« Reply #32 on: April 27, 2016, 06:58:57 PM »
There is no contradiction. All of the celestial bodies being about the same height != all are at the same height.

For example, for many years we have held that the stars are generally just above the altitude of the sun.

FYI, this is the debate section of the forum. You completely dismissed the evidence given in the original post. That's fine. But you seem to completely dodge giving any reason WHY you dismissed this evidence. And you seem to be avoiding giving out any details of your counter-theory. This isn't very conducive to debate. If anything, this is an indication that you don't have a viable counter-theory.

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Offline Rounder

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Re: How does a Full Moon appear Full for everyone?
« Reply #33 on: April 27, 2016, 08:33:55 PM »
Emphasis added:
There is no contradiction. All of the celestial bodies being about the same height != all are at the same height.

How much variation in height do you think there is?  Many times, in many threads, I have seen you claiming the support of the wiki's "approximately" term.  Just how approximate is the 3000 miles figure?  Plus or minus how much, ballpark?  A few solar or lunar diameters?  Half the distance from here to there?  I ask because I'm curious to play with the geometry for the uppermost lunar position and the lowermost solar position, to see if any arrangement of these celestial objects could give us the moon phases we see.
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Offline Tom Bishop

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Re: How does a Full Moon appear Full for everyone?
« Reply #34 on: April 27, 2016, 11:00:25 PM »
You know, we have our own method of measuring the distance to other stars.  It's called stellar parallax.  Perhaps you'd like to explain how your triangulation works?

The observations in the stellar parallax experiments are taken at different parts of the year. It is explained in FET by having the stars move northward or southward over the course of the year, just like the sun.

Emphasis added:
There is no contradiction. All of the celestial bodies being about the same height != all are at the same height.

How much variation in height do you think there is?  Many times, in many threads, I have seen you claiming the support of the wiki's "approximately" term.  Just how approximate is the 3000 miles figure?  Plus or minus how much, ballpark?  A few solar or lunar diameters?  Half the distance from here to there?  I ask because I'm curious to play with the geometry for the uppermost lunar position and the lowermost solar position, to see if any arrangement of these celestial objects could give us the moon phases we see.

Unknown at present.
« Last Edit: April 27, 2016, 11:19:10 PM by Tom Bishop »

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Offline Tom Bishop

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Re: How does a Full Moon appear Full for everyone?
« Reply #35 on: April 27, 2016, 11:06:03 PM »
There is no contradiction. All of the celestial bodies being about the same height != all are at the same height.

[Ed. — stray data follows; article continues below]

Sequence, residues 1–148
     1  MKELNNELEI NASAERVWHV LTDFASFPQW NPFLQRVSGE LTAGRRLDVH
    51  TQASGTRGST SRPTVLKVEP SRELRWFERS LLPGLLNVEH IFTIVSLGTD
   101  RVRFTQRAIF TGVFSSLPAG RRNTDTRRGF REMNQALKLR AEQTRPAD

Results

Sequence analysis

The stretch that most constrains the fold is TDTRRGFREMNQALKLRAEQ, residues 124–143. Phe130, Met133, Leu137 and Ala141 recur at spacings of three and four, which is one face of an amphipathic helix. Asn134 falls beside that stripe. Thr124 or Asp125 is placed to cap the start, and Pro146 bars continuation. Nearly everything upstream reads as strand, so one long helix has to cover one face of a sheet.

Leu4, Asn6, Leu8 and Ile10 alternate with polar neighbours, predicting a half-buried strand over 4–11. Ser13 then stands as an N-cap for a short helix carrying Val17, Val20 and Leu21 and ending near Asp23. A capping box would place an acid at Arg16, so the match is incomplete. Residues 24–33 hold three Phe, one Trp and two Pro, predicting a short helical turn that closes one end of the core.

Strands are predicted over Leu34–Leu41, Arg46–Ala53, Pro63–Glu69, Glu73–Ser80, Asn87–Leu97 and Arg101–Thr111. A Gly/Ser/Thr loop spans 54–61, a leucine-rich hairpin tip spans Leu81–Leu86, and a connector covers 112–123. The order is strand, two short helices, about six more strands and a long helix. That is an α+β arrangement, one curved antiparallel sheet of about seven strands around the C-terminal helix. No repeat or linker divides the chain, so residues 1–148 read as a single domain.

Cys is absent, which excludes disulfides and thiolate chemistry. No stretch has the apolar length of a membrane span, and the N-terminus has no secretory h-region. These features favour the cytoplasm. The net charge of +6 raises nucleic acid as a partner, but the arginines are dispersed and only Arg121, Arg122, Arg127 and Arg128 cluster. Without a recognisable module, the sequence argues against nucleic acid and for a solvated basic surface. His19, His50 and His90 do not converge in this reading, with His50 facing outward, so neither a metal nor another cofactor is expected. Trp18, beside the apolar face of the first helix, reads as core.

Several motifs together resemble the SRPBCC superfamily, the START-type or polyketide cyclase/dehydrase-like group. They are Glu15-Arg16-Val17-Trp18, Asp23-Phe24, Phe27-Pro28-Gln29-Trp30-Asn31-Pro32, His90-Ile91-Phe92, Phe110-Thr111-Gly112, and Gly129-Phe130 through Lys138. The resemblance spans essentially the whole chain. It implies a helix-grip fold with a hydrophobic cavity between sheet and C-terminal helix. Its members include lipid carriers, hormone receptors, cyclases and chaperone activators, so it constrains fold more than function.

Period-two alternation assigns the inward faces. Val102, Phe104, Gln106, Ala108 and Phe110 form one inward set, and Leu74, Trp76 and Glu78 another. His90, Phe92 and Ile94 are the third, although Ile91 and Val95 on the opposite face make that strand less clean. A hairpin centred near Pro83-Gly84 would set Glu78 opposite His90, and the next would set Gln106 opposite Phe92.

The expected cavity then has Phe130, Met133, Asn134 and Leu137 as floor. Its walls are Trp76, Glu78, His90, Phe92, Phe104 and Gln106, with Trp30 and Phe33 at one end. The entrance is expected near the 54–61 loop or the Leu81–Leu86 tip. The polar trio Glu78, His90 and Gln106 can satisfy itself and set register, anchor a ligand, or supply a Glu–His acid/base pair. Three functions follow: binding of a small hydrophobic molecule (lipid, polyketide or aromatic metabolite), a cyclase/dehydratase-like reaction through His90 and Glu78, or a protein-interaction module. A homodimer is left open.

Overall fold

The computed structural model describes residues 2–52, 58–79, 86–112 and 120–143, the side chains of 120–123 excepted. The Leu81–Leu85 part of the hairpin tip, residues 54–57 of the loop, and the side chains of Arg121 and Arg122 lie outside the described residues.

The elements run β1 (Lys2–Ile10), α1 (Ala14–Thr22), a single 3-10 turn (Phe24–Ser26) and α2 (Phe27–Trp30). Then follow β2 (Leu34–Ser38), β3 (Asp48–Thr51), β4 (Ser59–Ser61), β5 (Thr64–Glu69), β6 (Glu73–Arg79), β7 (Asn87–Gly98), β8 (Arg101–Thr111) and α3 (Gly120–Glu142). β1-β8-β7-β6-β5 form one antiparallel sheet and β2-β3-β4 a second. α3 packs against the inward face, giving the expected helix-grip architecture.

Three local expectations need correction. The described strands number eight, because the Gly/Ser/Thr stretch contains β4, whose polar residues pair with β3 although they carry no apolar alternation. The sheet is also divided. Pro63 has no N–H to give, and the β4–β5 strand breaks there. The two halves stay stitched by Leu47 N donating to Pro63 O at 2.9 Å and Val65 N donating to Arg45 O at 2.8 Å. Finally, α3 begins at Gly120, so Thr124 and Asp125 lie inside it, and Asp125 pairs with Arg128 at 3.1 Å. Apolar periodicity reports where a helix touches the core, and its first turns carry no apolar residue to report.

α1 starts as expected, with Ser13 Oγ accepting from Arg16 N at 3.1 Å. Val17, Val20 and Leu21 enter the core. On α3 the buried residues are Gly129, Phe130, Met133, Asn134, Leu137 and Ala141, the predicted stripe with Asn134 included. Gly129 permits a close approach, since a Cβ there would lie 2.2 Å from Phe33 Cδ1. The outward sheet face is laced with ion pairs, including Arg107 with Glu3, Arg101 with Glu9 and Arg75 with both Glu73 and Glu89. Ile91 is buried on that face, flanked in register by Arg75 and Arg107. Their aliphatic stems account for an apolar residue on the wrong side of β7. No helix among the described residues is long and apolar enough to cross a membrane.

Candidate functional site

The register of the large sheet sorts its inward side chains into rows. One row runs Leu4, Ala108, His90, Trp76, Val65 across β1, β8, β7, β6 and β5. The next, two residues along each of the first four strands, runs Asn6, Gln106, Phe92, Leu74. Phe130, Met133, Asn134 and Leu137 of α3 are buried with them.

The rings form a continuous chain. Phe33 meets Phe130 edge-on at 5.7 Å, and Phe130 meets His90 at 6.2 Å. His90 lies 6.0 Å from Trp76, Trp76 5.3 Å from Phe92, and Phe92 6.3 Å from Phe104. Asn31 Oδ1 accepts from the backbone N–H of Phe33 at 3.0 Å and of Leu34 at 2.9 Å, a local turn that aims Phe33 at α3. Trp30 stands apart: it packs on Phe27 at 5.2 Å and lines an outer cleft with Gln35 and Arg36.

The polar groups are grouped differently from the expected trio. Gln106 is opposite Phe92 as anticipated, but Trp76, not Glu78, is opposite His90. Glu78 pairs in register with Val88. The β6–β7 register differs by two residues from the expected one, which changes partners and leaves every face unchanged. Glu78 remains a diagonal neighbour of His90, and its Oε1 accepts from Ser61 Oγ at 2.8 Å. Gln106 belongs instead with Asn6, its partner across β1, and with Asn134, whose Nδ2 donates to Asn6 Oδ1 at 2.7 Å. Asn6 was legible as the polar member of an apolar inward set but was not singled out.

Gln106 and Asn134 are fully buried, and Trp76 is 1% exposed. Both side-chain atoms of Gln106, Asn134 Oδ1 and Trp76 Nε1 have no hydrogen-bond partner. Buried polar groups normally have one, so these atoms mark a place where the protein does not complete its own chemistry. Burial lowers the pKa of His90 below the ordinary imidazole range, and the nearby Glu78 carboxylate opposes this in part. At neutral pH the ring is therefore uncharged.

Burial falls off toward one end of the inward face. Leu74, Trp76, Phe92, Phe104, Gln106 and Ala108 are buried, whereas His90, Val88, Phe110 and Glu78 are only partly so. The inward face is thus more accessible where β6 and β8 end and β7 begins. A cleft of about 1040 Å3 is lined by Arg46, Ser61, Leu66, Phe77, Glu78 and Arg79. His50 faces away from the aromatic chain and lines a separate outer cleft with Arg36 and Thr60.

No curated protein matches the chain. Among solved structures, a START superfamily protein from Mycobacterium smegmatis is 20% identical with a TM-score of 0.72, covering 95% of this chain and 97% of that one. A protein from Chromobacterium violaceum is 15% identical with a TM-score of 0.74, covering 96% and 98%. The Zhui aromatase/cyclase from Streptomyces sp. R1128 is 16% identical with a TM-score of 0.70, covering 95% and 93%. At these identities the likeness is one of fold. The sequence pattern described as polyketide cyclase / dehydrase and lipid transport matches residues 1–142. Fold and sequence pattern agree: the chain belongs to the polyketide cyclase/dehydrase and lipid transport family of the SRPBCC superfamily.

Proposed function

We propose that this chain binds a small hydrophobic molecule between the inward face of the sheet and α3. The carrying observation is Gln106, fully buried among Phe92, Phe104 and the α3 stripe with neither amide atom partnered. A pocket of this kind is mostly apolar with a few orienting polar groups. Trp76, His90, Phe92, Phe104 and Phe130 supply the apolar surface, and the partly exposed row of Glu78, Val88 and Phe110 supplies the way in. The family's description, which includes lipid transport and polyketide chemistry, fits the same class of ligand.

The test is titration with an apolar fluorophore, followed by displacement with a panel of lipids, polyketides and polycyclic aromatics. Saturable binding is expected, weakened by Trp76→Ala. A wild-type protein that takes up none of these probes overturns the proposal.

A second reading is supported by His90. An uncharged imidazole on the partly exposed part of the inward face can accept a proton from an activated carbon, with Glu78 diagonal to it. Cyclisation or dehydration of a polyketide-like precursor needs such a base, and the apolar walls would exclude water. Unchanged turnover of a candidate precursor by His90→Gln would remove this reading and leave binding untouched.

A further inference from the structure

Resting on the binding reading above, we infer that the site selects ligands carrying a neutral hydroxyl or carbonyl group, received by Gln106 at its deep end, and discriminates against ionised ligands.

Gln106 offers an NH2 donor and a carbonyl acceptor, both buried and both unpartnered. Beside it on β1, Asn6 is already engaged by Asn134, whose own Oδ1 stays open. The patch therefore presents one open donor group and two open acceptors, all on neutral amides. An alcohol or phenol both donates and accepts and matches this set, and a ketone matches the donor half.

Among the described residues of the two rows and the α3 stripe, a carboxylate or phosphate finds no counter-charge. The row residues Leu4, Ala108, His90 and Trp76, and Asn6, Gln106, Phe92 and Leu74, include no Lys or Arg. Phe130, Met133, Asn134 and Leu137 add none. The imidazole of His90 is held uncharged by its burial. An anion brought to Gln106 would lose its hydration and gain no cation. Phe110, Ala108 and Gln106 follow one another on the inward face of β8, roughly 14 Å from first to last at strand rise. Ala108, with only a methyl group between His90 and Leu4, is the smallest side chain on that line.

For example, for many years we have held that the stars are generally just above the altitude of the sun.

FYI, this is the debate section of the forum. You completely dismissed the evidence given in the original post. That's fine. But you seem to completely dodge giving any reason WHY you dismissed this evidence. And you seem to be avoiding giving out any details of your counter-theory. This isn't very conducive to debate. If anything, this is an indication that you don't have a viable counter-theory.

What evidence in the original post? A small diagram isn't evidence. That doesn't tell us how perspective behaves at large distances.

I asked for a name of the scientist who studied perspective and was met with silence. I asked what evidence there was that perspective works in the way the ancient greeks described and I got silence. There is no evidence for me to refute.

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Offline BlueMoon

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Re: How does a Full Moon appear Full for everyone?
« Reply #36 on: April 27, 2016, 11:55:25 PM »
There is no contradiction. All of the celestial bodies being about the same height != all are at the same height.

For example, for many years we have held that the stars are generally just above the altitude of the sun.

FYI, this is the debate section of the forum. You completely dismissed the evidence given in the original post. That's fine. But you seem to completely dodge giving any reason WHY you dismissed this evidence. And you seem to be avoiding giving out any details of your counter-theory. This isn't very conducive to debate. If anything, this is an indication that you don't have a viable counter-theory.

What evidence in the original post? A small diagram isn't evidence. That doesn't tell us how perspective behaves at large distances.

I asked for a name of the scientist who studied perspective and was met with silence. I asked what evidence there was that perspective works in the way the ancient greeks described and I got silence. There is no evidence for me to refute.
Do you have any evidence that perspective doesn't work like that, besides the fact that you really, really want the earth to be flat?  If you want to upset a well-established mathematical convention, the burden of proof is on you. 
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Re: How does a Full Moon appear Full for everyone?
« Reply #37 on: April 28, 2016, 01:34:15 AM »
I asked for a name of the scientist who studied perspective and was met with silence. I asked what evidence there was that perspective works in the way the ancient greeks described and I got silence. There is no evidence for me to refute.

I apologize. Wikipedia gives a very nice overview of the subject, with references if you want to dive deeper. It isn't a controversial or complicated subject.